Medicare panel endorses prostate cancer vaccine
A panel of experts Wednesday endorsed an expensive new vaccine recently approved to treat men with advanced prostate cancer.
In a series of votes, the 14-member Medicare Evidence Development and Coverage Advisory Committee said that there did appear to be sufficient evidence that Provenge, which was approved in April, could help extend the lives of patients with advanced prostate cancer.
Medicare's decision to launch an official review of Provenge rekindled debate over whether some treatments are too costly.
The treatment costs $93,000 a patient and has been shown to extend patients' lives by about four months. Although Medicare is not supposed to take cost into consideration when making such rulings, the decision to launch a formal examination has raised concerns among cancer experts, drug companies, lawmakers, prostate cancer patients and advocacy groups.
Provenge is the latest in a series of new, high-priced cancer treatments that appear to eke out only a few more months of life, prompting alarm about their cost.
Because men tend to be elderly when they get diagnoses of advanced prostate cancer, Medicare's decision will have a major effect on Provenge's availability. Private insurers also tend to follow Medicare's lead.
Medicare officials say Provenge's price tag isn't an issue, and some outside experts say the agency may be motivated more by questions about the vaccine's effectiveness and concerns that it may be used "off-label" for uses not specifically approved by the Food and Drug Administration.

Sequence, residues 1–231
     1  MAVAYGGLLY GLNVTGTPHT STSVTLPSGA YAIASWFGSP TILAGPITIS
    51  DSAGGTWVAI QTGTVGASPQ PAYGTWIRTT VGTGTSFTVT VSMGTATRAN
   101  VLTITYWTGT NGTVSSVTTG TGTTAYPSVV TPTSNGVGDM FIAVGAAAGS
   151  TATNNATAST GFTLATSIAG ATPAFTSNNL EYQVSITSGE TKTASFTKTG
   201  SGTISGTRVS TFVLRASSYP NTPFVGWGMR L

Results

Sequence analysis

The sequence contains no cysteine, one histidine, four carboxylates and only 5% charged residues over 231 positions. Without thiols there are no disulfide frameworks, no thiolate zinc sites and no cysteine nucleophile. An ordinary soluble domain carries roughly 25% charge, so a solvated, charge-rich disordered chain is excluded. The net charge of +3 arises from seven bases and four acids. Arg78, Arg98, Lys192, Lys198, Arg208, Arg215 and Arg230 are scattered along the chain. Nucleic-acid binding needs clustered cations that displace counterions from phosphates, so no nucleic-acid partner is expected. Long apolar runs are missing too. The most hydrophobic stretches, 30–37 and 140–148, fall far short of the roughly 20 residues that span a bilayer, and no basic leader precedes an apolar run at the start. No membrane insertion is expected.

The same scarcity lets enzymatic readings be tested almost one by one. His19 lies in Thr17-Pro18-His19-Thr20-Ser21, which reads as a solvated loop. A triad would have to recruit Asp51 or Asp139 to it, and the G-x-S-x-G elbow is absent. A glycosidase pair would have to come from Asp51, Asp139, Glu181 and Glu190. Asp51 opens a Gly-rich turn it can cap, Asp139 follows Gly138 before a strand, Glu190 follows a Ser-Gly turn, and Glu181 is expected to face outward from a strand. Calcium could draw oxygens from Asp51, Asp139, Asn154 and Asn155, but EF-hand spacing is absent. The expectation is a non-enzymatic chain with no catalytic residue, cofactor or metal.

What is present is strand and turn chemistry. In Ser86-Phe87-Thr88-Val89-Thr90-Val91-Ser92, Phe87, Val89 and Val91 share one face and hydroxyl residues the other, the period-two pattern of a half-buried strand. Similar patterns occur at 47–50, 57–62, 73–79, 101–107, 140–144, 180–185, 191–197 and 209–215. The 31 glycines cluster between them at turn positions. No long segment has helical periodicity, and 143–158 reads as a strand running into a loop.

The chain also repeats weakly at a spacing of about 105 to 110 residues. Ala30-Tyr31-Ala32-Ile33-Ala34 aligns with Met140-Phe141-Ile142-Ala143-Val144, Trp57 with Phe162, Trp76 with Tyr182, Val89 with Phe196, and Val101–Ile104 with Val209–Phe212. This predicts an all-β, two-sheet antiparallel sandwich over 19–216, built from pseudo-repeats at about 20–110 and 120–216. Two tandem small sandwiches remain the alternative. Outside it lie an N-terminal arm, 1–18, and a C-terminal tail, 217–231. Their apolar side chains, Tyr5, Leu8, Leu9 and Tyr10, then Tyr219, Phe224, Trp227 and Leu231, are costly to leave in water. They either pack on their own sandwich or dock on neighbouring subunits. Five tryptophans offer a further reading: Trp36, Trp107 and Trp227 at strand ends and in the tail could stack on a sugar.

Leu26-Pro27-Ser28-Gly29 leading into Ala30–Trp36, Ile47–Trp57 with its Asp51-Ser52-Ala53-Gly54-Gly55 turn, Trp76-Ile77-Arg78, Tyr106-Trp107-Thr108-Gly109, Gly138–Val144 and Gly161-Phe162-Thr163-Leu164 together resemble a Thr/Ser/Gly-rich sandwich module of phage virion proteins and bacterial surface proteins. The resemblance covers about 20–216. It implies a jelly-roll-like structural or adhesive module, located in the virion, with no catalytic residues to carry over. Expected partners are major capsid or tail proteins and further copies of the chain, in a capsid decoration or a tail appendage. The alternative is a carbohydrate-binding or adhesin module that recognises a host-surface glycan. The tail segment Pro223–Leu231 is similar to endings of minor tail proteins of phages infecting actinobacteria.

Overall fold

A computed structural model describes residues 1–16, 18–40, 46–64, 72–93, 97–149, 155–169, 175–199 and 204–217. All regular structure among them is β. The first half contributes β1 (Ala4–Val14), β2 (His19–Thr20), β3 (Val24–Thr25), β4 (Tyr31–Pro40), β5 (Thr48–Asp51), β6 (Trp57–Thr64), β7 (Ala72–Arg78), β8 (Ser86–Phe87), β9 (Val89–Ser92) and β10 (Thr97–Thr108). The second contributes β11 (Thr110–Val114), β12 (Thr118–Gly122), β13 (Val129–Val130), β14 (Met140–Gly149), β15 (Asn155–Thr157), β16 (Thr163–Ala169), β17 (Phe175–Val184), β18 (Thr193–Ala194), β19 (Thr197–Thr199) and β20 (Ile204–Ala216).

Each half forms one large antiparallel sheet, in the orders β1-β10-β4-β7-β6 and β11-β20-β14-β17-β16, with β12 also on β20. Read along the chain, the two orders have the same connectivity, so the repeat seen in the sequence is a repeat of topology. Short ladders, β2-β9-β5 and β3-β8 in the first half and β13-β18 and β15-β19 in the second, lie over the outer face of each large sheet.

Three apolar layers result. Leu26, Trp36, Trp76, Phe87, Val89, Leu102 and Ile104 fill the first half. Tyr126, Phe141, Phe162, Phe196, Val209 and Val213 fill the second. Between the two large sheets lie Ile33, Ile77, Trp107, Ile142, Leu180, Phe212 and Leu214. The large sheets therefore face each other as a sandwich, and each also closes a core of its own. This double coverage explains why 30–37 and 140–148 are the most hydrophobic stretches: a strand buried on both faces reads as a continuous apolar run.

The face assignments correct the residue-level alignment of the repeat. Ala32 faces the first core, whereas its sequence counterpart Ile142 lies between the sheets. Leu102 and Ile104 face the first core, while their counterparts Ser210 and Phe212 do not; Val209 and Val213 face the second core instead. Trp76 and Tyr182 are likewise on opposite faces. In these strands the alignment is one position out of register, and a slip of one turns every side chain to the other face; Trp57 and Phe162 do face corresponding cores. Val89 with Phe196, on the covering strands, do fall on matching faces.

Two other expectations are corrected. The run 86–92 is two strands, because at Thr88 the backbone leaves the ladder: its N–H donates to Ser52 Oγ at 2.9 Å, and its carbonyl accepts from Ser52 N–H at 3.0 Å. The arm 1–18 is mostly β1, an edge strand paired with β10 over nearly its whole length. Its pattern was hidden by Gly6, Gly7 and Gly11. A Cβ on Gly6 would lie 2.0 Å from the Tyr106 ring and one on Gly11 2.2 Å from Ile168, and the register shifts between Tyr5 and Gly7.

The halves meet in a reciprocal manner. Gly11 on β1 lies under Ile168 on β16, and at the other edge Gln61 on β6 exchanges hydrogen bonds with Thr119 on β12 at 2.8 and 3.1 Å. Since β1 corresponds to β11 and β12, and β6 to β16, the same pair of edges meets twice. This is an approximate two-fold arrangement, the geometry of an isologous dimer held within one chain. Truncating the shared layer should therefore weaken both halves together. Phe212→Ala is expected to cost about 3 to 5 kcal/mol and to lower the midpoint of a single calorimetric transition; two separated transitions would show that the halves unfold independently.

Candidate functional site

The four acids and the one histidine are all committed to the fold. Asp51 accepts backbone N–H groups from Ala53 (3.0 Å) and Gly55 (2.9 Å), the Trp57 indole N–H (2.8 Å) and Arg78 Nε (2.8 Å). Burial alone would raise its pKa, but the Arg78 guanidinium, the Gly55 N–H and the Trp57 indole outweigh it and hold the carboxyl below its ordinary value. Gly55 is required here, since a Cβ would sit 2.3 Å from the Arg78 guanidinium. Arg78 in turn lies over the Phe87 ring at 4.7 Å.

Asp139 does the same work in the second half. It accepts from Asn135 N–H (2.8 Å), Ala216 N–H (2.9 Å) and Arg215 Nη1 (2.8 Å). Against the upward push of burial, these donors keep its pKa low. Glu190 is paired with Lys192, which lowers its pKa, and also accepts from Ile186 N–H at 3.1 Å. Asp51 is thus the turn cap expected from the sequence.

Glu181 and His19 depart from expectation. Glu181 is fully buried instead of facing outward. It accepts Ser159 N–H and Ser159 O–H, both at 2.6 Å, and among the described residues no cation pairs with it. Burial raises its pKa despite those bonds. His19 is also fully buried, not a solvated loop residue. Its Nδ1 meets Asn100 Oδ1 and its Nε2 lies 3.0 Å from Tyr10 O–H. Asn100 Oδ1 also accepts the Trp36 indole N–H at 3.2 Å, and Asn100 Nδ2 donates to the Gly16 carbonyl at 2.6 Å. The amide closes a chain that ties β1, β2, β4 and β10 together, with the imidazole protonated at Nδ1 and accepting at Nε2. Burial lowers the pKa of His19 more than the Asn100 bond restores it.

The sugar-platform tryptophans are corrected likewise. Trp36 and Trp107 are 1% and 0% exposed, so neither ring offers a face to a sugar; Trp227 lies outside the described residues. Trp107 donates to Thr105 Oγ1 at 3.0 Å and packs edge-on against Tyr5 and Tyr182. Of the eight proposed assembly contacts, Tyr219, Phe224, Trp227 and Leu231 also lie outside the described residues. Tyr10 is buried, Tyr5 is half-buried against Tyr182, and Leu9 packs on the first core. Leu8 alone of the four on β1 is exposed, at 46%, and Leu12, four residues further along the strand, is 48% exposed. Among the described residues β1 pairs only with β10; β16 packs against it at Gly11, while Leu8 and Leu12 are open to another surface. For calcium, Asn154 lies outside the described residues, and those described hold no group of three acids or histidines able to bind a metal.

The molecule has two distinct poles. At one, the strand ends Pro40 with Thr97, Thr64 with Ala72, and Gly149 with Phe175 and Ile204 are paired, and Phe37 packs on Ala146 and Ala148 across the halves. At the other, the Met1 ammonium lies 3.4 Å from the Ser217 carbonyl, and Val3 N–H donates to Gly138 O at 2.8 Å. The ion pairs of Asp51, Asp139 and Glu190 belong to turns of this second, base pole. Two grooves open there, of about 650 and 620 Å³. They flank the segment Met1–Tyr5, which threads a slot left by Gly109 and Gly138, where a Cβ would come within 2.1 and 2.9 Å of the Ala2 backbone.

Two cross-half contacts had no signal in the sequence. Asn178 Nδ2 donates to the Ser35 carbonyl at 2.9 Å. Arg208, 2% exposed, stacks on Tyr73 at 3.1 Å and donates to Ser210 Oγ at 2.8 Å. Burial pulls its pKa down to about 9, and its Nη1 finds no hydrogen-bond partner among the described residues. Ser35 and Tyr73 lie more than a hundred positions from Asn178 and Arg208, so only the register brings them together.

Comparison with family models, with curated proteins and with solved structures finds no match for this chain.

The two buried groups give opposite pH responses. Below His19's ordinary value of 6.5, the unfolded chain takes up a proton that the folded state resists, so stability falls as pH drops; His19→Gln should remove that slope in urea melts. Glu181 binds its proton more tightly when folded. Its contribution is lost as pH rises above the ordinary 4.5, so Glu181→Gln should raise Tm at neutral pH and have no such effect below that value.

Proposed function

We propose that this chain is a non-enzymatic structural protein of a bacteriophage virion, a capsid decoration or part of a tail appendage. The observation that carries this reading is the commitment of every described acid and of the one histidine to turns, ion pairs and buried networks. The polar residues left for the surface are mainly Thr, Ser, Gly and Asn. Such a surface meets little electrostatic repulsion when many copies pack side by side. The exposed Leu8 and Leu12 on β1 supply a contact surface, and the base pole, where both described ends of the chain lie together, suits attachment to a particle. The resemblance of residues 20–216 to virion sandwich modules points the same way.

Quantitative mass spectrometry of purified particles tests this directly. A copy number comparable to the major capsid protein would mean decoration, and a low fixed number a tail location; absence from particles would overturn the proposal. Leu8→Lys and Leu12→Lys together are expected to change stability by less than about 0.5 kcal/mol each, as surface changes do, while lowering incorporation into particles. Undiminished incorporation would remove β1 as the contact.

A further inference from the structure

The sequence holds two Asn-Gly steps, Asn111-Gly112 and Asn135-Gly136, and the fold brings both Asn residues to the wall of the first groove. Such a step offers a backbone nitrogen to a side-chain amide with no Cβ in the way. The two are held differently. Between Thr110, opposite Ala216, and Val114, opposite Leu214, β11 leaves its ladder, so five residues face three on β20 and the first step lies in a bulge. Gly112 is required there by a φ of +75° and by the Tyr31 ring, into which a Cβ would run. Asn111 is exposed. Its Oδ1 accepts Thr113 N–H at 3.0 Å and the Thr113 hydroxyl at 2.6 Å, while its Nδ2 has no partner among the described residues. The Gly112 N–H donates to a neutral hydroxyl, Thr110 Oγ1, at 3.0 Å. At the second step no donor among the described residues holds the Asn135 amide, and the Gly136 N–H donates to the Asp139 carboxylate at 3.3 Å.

In fact, the committee voted that there was inadequate evidence Provenge would help other kinds of patients, such as those who were either sicker than those studied to get Provenge approved or those who were not as sick.
Medicare usually covers new cancer drugs once they have been approved by the FDA. The decision in June to scrutinize Provenge prompted several members of Congress to question the action. Supporters have inundated the agency with hundreds of thousands of comments.
The committee did not actually vote on whether Provenge should be covered. Officials at the Center for Medicare and Medicaid Services will use the committee's advice to make that decision.
Provenge has long been the center of controversy. The FDA delayed its approval in 2007. The rejection triggered outrage among patients, advocates and investors in Dendreon, the Seattle company that developed the drug. The campaign to win Provenge's approval included anonymous death threats, accusations of conflicts of interest, protests, congressional lobbying and vitriolic Internet postings.
Prostate cancer strikes 192,000 men in the United States each year and kills about 27,000. The only therapies are surgery, radiation, hormones and the chemotherapy drug Taxotere.
Unlike standard vaccines, which are given before someone gets sick to stimulate their immune system to fight off infections, Provenge is a "therapeutic vaccine," designed to attack cancer cells in the body.
| November 17, 2010; 5:04 PM ET
Categories: Cancer, Medical Technology, medical costs, medicare, prostate cancer
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